Fig. 3 (a) CFO thin film deposited on 4 nm Au nano-dots; (b) HR-TEM image of CFO, where the observed interplanar spacing is 0.25 nm, corresponding to the (311) plane; (c) magnified HR-TEM image of an Au nano-dot; (d) line profile of the corresponding HR-TEM image of the Au nano-dot, where the lattice fringe (d ≈ 0.235 nm) is induced from the in-plane diffraction of Au along the (100) direction; (e) SAED pattern of CFO deposited on 4 nm Au. In the SAED pattern, orange and green notations correspond to the CFO and Au materials, respectively.

The magnetization behavior of the CFO films was investigated to realize the effects of crystallization and the under-layer on the magnetic anisotropy. All the samples exhibited typical ‘S’-type MH loops, which is a characteristic feature of ferrimagnetic CFO (Fig. 4a–c and ESI, Fig. S3c and d). The magnetic parameters determined from these loops were remarkably varied by changing the underlayer conditions. The most important feature of the CFO films is their increased saturation magnetization (Ms) and coercivity (Hc) after deposition on 4 nm Au nano-dots. The Hc value measured in a perpendicular direction for CFO deposited on 4 nm Au nano-dots is almost 18-fold higher (Hc = 4150 ± 50 Oe) than that of the CFO monolayer film (Hc = 230 Oe). The Hc value is also around 4-fold higher than that of CFO deposited on the Au 10 nm thin film (Hc = 1067 Oe) and 8-fold higher than the coercivity of CFO deposited on the continuous Au thin film (Hc = 500 Oe). It is worth mentioning here that there is no lattice distortion in the CFO deposited on 4 nm Au nano-dots, and it is almost relaxed (as a = bc = 8.41 Å) in the thermo-equilibrium state without significant intrinsic strain. CFO is known to be highly magnetostrictive, with a positive first-order magneto-crystalline anisotropy constant (K1 ∼ 2 × 106 ergs cc−1),34 which results in a high Hc. Therefore, the high Hc in the present case can be mainly attributed to the crystallinity rather than stress/strain mechanisms. However, shape anisotropy due to possible columnar growth of the CFO film or pinning of the magnetization at defects or grain boundaries may also contribute to the strong change in Hc. Considering the higher surface/interface of CFO with the Au nanodots, in particular, pinning of the magnetization would also tend to make a strongly enhanced contribution to Hc.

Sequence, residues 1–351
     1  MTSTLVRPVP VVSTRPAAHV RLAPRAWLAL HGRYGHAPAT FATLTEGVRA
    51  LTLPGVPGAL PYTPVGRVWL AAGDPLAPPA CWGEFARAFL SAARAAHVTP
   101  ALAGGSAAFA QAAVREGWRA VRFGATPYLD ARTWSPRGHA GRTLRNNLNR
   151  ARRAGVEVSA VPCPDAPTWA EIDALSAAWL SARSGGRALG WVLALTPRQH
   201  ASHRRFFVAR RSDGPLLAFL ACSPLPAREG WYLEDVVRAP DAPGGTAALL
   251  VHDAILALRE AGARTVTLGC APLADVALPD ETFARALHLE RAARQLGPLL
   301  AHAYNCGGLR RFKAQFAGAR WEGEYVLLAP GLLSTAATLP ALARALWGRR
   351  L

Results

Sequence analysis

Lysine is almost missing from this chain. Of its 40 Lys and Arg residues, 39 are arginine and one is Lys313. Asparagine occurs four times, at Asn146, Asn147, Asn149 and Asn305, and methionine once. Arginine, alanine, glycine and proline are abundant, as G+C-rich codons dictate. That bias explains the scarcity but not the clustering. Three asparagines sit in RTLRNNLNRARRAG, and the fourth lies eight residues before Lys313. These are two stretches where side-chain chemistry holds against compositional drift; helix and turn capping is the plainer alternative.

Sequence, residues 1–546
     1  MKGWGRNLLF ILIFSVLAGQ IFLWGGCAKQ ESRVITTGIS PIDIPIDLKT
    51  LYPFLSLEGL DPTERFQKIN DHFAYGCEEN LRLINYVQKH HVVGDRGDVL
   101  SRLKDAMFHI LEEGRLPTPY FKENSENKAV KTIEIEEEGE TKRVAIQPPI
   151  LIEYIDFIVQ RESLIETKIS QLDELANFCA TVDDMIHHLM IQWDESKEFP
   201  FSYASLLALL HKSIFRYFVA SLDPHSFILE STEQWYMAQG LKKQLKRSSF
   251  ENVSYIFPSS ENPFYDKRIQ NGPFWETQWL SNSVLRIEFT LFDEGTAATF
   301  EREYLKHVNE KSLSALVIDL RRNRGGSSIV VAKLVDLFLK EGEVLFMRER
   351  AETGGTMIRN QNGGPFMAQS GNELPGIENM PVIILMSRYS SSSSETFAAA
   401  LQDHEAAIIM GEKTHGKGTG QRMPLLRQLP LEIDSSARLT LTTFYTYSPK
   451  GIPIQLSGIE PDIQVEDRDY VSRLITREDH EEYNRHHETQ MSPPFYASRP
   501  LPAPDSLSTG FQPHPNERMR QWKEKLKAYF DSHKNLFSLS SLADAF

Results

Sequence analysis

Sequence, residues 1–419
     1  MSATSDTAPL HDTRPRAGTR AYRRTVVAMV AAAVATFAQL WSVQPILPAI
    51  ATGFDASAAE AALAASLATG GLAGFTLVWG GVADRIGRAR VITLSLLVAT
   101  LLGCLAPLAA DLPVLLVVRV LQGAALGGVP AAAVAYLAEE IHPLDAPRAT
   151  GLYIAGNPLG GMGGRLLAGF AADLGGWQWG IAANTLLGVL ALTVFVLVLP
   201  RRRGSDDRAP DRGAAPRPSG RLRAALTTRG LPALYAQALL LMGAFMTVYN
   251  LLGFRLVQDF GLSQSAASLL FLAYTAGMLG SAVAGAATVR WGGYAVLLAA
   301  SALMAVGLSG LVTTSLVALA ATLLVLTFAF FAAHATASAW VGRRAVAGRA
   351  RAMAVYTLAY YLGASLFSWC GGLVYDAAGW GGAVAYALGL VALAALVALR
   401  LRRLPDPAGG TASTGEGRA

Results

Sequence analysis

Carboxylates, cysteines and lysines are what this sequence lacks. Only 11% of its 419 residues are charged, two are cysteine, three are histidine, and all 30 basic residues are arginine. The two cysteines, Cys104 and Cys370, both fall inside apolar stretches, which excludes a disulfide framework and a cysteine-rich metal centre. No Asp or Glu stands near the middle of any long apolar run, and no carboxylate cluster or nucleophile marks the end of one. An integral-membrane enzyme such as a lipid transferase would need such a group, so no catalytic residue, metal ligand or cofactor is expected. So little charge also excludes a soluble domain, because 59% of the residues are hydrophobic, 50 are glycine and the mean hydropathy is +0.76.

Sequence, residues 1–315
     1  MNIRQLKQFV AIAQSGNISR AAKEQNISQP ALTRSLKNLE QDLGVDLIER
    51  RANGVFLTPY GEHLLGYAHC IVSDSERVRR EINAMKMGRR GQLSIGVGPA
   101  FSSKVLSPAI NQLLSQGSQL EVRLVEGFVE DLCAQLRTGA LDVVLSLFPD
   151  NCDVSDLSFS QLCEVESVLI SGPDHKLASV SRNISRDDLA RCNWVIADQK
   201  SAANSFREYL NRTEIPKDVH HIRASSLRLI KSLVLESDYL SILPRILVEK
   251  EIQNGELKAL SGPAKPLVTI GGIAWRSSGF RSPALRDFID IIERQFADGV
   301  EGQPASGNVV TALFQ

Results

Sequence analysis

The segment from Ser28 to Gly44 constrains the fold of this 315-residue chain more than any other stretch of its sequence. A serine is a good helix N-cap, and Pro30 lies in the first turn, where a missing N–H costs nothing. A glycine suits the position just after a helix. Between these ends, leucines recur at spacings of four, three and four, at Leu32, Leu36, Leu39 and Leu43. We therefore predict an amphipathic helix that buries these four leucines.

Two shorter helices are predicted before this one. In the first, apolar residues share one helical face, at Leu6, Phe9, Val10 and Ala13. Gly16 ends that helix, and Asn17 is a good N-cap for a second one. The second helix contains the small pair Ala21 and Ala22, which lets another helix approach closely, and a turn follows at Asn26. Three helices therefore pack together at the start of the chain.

image file: c8nh00278a-f4.tif